A net income charitable remainder unitrust ("unitrust") is a gift plan defined by federal tax law that allows a donor to provide income to herself and/or others while making a generous gift to charity. The income may continue for the lifetimes of the beneficiaries, a fixed term of not more than 20 years, or a combination of the two.
The donor irrevocably transfers assets, usually cash, securities, or real estate, to a trustee of her choice, such as a bank trust department. The donor receives an income tax deduction equal to the trust's remainder value to the charity, subject to IRS 30%/50% limitations. The remainder value to charity must be at least 10% of the funding amount.
During the unitrust's term, the trustee invests the unitrust's assets. Each year, the trustee distributes to the income beneficiaries a fixed percentage of between 5% and 50% of the unitrust's value, as revalued annually, or its net income, whichever is less. Payments may be made annually, semiannually, quarterly, or monthly.
If the unitrust's value goes up from one year to the next, its payout increases proportionately. However, if the unitrust earns less income during a given year than the fixed percentage it is supposed to distribute, the unitrust distributes only what it earned. This "net income" feature guarantees that trust principal is never invaded to make a distribution. If the trust earns more than the fixed percentage during a later year, the unitrust will make up its earlier shortfall to the extent that its earned income exceeds its fixed percentage.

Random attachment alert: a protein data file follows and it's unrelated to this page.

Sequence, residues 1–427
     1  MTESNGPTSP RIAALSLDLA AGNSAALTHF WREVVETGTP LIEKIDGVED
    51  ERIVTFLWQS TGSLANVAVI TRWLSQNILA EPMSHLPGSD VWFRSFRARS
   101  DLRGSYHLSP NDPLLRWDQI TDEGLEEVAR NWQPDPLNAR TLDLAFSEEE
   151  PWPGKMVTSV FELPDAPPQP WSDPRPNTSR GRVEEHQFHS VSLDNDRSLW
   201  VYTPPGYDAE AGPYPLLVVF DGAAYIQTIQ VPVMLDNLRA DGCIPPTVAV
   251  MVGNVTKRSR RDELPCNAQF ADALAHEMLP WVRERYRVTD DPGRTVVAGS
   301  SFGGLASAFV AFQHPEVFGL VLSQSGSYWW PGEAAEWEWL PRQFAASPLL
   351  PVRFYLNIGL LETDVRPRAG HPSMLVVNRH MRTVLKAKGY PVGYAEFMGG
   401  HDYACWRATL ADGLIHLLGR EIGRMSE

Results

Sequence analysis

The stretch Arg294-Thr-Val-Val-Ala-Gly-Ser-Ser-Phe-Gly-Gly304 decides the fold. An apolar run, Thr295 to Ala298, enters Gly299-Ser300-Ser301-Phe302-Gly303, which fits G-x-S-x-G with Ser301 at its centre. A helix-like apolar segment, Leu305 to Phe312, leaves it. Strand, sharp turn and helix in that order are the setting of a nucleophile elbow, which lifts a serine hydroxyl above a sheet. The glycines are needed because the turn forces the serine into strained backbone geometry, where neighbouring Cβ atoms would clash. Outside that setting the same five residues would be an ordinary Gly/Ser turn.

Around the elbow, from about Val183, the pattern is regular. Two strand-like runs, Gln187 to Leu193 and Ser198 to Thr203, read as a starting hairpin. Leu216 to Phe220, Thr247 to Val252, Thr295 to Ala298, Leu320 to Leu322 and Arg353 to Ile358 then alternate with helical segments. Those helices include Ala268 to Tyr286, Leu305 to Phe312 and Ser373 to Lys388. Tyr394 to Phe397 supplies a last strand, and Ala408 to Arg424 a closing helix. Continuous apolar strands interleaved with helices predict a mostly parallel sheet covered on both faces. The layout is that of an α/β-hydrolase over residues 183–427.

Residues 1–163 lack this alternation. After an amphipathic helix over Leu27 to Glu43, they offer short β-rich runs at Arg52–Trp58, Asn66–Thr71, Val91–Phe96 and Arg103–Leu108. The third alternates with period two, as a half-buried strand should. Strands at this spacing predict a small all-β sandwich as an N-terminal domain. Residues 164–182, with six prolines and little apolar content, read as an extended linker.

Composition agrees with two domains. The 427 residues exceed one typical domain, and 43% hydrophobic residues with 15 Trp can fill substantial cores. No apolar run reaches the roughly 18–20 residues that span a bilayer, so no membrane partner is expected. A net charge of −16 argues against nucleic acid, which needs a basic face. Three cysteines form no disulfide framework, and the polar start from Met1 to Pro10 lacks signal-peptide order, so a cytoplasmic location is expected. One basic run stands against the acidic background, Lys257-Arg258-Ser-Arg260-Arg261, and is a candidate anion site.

If the unitrust's value goes down from one year to the next, the maximum amount it can distribute also goes down. For this reason, it may be advantageous to choose a relatively low payout percentage so that the unitrust assets can grow, which in turn will allow the unitrust's maximum yearly payments to grow.
When the unitrust term ends, the unitrust's principal passes to charity, to be used for the purpose the donor designates. The donor may add funds to her unitrust whenever she likes.